1. Oscillators with LC Feedback Circuits
- Although the RC feedback oscillators, particularly the Wien bridge, are generally suitable for frequencies up to about 1 MHz, LC feedback elements are normally used in oscillators that require higher frequencies of oscillation.
- Also, because of the frequency limitation (lower unity-gain frequency) of most op-amps, transistors (BJT or FET) are often used as the gain element in LC oscillators.
- This section introduces several types of resonant LC feedback oscillators like the Colpitts, Clapp, Hartley & crystal-controlled oscillators.
2. The Hartley Oscillator
- The Hartley oscillator is similar to the Colpitts except that the feedback circuit consists of two series inductors and a parallel capacitor
- In this circuit, the frequency of oscillation for is
- The inductors act in a role similar to C1 and C2 in the Colpitts to determine the attenuation, B, of the feedback circuit.
- To assure start-up of oscillation, Av must be greater than 1/B.
- Loading of the tank circuit has the same effect in the Hartley as in the Colpitts; that is, the Q is decreased and thus Fr decreases.
3. The Armstrong Oscillator
- This type of LC feedback oscillator uses transformer coupling to feed back a portion of the signal voltage.
- The transformer secondary coil provides the feedback to keep the oscillation going.
- The Armstrong is less common than the Colpitts, Clapp, and Hartley, mainly because of the disadvantage of transformer size and cost.
- The frequency of oscillation is set by the inductance of the primary winding Lpri in parallel with C1.
4. Crystal-Controlled Oscillators
- The most stable and accurate type of feedback oscillator uses a piezoelectric crystal in the feedback loop to control the frequency.
The Piezoelectric Effect:
- Quartz is one type of crystalline substance found in nature that exhibits a property called the piezoelectric effect.
- When a changing mechanical stress is applied across the crystal to cause it to vibrate, a voltage develops at the frequency of mechanical vibration.
- Conversely, when an AC voltage is applied across the crystal, it vibrates at the frequency of the applied voltage.
- The greatest vibration occurs at the crystal’s natural resonant frequency, which is determined by the physical dimensions and by the way the crystal is cut.
- As you can see, the crystal’s equivalent circuit is a series-parallel circuit and can operate in either series resonance or parallel resonance.
- The impedance of the crystal is minimum at the series resonant frequency, thus providing maximum feedback.
- The crystal tuning capacitor, Cc is used to “fine tune” the oscillator frequency.
- The impedance of the crystal is maximum at parallel resonance, thus developing the maximum voltage across the capacitors.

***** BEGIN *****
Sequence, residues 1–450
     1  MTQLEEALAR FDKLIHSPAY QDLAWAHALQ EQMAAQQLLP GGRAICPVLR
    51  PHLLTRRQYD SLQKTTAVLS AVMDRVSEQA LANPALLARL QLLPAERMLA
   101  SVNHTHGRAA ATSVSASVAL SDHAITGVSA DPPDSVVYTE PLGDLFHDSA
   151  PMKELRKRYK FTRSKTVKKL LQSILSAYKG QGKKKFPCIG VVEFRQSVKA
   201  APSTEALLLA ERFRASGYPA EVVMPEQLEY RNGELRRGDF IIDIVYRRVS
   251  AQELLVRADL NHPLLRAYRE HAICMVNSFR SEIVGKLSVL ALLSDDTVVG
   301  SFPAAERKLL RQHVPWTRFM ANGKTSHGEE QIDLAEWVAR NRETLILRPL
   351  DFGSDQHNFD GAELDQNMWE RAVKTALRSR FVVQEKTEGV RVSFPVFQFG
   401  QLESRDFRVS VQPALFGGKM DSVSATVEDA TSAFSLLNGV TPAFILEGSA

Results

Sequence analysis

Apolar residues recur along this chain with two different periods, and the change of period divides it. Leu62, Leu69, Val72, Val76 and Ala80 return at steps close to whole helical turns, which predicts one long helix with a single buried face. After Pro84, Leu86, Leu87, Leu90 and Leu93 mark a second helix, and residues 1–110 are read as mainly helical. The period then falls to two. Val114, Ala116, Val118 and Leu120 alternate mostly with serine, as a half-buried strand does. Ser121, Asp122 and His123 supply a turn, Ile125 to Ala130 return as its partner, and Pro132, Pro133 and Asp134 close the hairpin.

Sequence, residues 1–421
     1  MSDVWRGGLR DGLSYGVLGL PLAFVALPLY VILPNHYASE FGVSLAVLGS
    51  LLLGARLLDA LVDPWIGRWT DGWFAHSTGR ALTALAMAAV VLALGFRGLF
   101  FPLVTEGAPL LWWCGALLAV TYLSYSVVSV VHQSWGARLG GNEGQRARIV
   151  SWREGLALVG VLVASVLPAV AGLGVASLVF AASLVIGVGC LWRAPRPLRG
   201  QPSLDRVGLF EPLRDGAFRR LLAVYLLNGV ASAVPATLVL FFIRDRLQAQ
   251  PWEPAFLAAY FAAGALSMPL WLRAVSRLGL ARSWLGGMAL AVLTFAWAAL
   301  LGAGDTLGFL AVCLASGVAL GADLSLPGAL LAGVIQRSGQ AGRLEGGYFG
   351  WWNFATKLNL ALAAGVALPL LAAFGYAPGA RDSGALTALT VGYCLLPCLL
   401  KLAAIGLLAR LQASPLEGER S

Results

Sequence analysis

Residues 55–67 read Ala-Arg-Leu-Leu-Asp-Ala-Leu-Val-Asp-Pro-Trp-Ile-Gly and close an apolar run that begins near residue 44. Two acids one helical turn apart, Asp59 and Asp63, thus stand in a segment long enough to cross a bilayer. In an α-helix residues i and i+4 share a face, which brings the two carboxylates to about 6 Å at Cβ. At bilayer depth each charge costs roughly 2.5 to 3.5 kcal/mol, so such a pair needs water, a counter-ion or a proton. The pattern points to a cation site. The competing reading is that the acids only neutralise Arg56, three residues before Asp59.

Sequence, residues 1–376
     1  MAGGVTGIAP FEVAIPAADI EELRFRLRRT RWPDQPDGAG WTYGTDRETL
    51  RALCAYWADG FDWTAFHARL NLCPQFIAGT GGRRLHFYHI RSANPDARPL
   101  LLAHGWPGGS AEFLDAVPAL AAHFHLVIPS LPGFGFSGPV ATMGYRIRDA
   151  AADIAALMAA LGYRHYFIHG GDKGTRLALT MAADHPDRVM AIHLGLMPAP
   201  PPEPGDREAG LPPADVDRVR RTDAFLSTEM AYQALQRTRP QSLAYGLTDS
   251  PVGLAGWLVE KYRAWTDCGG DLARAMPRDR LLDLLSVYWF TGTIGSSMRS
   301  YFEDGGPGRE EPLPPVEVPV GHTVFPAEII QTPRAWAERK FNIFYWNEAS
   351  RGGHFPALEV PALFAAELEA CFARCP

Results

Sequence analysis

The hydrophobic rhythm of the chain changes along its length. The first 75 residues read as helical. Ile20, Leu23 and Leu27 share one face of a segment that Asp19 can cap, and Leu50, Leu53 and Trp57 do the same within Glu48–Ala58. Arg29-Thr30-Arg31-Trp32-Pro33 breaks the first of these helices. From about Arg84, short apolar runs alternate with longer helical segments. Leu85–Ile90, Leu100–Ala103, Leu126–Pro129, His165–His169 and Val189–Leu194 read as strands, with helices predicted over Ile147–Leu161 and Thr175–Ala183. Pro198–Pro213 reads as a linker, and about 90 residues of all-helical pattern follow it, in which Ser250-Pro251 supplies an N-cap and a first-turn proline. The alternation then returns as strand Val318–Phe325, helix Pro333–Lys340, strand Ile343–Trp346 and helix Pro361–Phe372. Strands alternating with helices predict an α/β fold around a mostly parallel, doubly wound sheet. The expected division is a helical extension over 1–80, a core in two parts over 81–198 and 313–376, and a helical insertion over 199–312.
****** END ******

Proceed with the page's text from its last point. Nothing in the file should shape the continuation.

- The voltage across C1 is fed back to the input.
5. Relaxation Oscillators
- The second major category of oscillators is the relaxation oscillator.
- Relaxation oscillators use an RC timing circuit and a device that changes states to generate a periodic waveform.
A Triangular-Wave Oscillator:
- The op-amp integrator can be used as the basis for a triangular-wave oscillator.
- When the switch is in position 1, the negative voltage is applied, and the output is a positive-going ramp.
- When the switch is thrown into position 2, a negative-going ramp is produced.
- If the switch is thrown back and forth at fixed intervals, the output is a triangular wave consisting of alternating positive-going and negative-going ramps.
A Square-Wave Oscillator:
- The basic square-wave oscillator is a type of relaxation oscillator because its operation is based on the charging and discharging of a capacitor.
- Notice that the op-amp’s inverting input is the capacitor voltage and the non inverting input is a portion of the output fed back through resistors R2 and R3 to provide hysteresis.
- When the circuit is first turned on, the capacitor is uncharged, and thus the inverting input is at 0 V.
- This makes the output a positive maximum, and the capacitor begins to charge toward Vout through R1.
- When the capacitor voltage Vc reaches a value equal to the feedback voltage Vf on the non-inverting input, the op-amp switches to the maximum negative state.
- At this point, the capacitor begins to discharge from +Vf toward –Vf.
- When the capacitor voltage reaches –Vf the op-amp switches back to the maximum positive state.
- This action continues to repeat and a square-wave output voltage is obtained.
6. Linear wave shaping Circuits
- The process of where by the form of a non-sinusoidal signal is altered by transmission through a linear network is called “LINEAR WAVE SHAPING"
RC Low Pass Circuit :
The circuit passes low frequencies readily but attenuates high frequencies because the reactance of the capacitor decreases with increasing frequency. At very high frequencies the
capacitor acts as a virtual short circuit and the output falls to zero. This circuit also works as integrating circuit. A circuit in which the output voltage is proportional to the integral of the input voltage is known as integrating circuit. The condition for integrating circuit is RC value must be much greater than the time period of the input wave (RC>>T).
RC High Pass Circuit:
The higher frequency components in the input signal appears at the output with less attenuation than the lower frequency components because the reactance of the capacitor
decreases with increase in frequency. This circuit works as a differential circuit. A circuit in which the output voltage is proportional to the derivative of the input voltage is known as
differential circuit. The condition for differential circuit is RC value must be much smaller then the time period of the input wave (RC<<T).
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